I knew I wanted to fly at age 5. My family lived near an Air Force base and I loved seeing the jets fly over our house. I couldn’t wait until I learned to fly at 16. My first flying lesson was a realization of a years-long dream. Freeing myself from the ground, seeing everything on the earth become small and fall away was tantalizing. Feeling the controls in my hand and learning to master the machine was joyous. After earning my private pilot license and commercial pilot license in high school, I became a flight instructor while a cadet at the U.S. Air Force Academy, and after graduation, became a U.S.A.F. fighter pilot. After I completed my Air Force service, I became an airline pilot to fly big passenger jets.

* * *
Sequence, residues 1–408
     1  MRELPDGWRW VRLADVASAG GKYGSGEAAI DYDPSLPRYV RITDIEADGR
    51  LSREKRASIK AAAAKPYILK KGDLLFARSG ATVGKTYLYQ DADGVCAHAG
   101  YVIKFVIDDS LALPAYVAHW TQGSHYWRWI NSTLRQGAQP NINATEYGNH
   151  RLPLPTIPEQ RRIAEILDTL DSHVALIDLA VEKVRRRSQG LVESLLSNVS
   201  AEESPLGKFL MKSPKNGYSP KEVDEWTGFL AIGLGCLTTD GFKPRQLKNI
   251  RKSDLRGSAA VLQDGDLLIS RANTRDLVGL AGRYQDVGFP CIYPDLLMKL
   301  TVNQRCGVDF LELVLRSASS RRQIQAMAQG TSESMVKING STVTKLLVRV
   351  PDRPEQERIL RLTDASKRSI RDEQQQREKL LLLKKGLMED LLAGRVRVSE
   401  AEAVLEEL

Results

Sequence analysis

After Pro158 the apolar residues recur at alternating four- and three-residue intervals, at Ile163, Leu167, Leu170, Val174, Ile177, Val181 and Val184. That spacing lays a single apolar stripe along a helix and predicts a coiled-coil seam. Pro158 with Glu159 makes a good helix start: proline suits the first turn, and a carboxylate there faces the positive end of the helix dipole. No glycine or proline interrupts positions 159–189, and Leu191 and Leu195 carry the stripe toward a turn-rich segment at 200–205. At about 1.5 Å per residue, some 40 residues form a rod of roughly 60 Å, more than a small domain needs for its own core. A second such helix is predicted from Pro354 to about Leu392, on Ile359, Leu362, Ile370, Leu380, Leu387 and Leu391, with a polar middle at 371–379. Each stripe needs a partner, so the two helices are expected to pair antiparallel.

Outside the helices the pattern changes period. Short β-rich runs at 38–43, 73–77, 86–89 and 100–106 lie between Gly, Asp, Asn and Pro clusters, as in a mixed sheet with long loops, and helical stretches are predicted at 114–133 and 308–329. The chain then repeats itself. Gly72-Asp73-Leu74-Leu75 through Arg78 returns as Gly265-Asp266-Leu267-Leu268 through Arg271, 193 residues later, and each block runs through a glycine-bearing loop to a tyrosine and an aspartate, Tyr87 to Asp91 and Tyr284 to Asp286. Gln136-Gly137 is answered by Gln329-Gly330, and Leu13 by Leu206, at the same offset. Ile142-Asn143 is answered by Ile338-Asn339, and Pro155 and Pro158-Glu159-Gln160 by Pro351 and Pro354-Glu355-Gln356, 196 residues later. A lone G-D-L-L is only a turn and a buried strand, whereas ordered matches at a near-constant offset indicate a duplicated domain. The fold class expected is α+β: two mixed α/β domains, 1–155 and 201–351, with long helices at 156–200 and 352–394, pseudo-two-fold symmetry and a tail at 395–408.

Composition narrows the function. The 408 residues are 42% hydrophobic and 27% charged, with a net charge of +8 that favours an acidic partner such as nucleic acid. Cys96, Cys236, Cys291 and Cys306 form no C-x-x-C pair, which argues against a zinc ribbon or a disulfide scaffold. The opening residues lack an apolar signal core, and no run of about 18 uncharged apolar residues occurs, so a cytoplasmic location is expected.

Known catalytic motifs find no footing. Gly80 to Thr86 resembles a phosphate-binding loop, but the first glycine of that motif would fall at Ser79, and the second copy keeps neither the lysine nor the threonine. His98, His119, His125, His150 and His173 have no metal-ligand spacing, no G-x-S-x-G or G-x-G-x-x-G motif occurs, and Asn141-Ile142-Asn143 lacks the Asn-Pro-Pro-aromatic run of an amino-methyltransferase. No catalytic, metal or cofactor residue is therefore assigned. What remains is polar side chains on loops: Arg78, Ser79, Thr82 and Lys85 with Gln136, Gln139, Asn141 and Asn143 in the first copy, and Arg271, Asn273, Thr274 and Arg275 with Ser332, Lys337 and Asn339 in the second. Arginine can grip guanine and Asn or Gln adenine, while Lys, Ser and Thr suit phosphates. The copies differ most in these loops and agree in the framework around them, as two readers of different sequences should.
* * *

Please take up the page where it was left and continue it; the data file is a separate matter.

I knew immediately that this was going to be the biggest challenge of my life, one of the worst days of my life. As is typical in such situations, my first thought was one of disbelief, “This can’t be happening.” But from the very outset, even though we had never specifically envisioned or trained for this situation, I was confident that my crew and I could find a way to solve all the many serious problems we faced until we had either solved them all or solved as many as we could, enough to survive.
What helped me was having paid close attention to precisely managing the total energy, the speed and altitude, of large jets for thousands of hours of flight, and being able to very quickly determine how far we could glide at that low altitude and therefore which options were possible and which were not.